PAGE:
U.S. law enforcement on Wednesday said they were investigating an apparent shooting near the National Security Agency headquarters in Fort Meade, Maryland, with local media reporting at least one person had been wounded and one taken into custody.
Officials said there was no continuing threat after the morning incident, which left a black sport utility vehicle riddled with what appeared to bullet holes, according to video from the scene.
Security officials did not provide details of the incident and it was unclear whether shots had been fired by a suspect or by law enforcement.
"NSA police and local law enforcement are addressing an incident that took place this morning at one of NSA's secure vehicle entry gates," the agency said on Twitter. "The situation is under control and there is no ongoing security of safety threat."
A Fort Meade spokesman confirmed one person had been injured and transported and that a main highway was closed near the facility, a U.S. Army installation about 30 miles (48 km) northeast of Washington.
The Federal Bureau of Investigation said it was investigating.
Earlier local media reports said that as many as three people had been wounded.
CBS News broadcast images of a black sport utility vehicle with what appeared to be bullet holes in the front windshield at the gate of Fort Meade, the U.S. Army installation that is the home of the NSA, as well as the U.S. Cyber Command and Defense Information School. The vehicle was at the end of a dead-end lane marked by concrete NSA-stamped barricade blocks on one side and a chain-link fence on the other, near a guard booth and entrance gate, the CBS video showed.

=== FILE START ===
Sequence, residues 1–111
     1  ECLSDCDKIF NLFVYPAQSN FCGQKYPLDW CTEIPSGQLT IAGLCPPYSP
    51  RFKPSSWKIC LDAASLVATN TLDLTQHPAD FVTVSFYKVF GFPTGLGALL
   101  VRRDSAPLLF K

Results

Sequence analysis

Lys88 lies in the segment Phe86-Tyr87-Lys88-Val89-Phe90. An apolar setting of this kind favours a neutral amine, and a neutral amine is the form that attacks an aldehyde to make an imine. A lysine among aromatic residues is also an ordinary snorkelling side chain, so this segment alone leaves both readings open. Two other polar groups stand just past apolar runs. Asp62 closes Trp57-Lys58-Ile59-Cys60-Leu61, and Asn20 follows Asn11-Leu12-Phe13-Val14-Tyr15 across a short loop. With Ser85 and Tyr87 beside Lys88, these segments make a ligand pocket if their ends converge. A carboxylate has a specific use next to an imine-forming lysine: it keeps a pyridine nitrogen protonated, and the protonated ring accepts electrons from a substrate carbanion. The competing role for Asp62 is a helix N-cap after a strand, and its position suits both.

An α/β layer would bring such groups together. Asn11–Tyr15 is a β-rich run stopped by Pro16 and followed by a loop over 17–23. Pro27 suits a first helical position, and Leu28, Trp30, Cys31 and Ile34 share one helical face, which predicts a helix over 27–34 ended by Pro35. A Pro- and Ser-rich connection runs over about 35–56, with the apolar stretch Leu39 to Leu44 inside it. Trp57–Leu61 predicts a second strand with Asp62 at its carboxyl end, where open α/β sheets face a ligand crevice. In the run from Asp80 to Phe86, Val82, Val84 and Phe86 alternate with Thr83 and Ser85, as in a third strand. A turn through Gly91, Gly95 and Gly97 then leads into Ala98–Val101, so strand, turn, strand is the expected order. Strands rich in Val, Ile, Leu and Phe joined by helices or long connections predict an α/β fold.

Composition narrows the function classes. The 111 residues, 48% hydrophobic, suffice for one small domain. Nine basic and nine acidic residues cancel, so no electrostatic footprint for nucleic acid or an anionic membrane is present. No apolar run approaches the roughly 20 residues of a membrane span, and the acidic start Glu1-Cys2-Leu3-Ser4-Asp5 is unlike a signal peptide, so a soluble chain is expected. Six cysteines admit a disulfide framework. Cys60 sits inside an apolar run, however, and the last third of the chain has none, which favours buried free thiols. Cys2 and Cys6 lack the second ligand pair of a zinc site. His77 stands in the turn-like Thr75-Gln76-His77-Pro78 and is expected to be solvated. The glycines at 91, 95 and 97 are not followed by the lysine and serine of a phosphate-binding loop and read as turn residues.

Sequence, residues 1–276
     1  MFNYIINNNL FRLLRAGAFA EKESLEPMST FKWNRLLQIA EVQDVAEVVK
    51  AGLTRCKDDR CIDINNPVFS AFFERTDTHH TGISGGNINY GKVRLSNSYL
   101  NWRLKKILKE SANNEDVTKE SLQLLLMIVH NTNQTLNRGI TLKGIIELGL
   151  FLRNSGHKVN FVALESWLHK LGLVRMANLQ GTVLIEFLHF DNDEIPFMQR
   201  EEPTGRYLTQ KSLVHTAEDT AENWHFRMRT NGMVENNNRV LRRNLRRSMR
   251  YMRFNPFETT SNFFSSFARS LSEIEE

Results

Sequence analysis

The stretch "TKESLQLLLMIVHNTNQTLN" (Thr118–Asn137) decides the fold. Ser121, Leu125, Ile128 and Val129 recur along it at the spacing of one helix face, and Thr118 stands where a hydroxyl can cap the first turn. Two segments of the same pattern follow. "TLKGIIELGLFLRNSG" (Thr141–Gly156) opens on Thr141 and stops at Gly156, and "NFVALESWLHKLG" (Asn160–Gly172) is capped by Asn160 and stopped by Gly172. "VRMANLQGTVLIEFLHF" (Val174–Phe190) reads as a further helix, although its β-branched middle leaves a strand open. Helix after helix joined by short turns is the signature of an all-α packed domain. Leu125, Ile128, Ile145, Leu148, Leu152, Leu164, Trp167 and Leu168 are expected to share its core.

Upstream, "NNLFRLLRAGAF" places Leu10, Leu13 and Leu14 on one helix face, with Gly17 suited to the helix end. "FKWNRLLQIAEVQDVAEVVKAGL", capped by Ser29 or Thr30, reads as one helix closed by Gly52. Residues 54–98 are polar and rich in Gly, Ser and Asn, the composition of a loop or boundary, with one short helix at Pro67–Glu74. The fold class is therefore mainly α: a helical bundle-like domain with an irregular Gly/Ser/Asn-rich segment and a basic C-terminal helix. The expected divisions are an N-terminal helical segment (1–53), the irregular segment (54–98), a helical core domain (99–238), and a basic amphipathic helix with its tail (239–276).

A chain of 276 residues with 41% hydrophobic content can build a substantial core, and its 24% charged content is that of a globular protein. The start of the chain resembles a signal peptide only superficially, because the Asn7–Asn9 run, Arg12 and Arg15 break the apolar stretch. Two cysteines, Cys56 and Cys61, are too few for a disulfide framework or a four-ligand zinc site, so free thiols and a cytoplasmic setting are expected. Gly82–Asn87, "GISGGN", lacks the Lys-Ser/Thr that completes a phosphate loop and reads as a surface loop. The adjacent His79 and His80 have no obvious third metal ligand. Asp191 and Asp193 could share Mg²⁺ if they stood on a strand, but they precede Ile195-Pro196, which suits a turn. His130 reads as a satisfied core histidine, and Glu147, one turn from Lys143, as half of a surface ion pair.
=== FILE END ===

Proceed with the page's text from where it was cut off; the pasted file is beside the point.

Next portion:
The National Security Agency/Central Security Service is one of the U.S. government's main spy agencies. The secretive agency focuses on using technological tools, including the monitoring of internet traffic, to monitor the government's adversaries.
A White House spokeswoman said President Donald Trump had been briefed on the incident.
In March 2015, two people tried to drive their sports utility vehicle through the NSA's heavily guarded gate. Officers shot at the vehicle when they refused to stop, killing one of the occupants. The people in the vehicle may have taken a wrong turn after partying and taking drugs, according to news reports.
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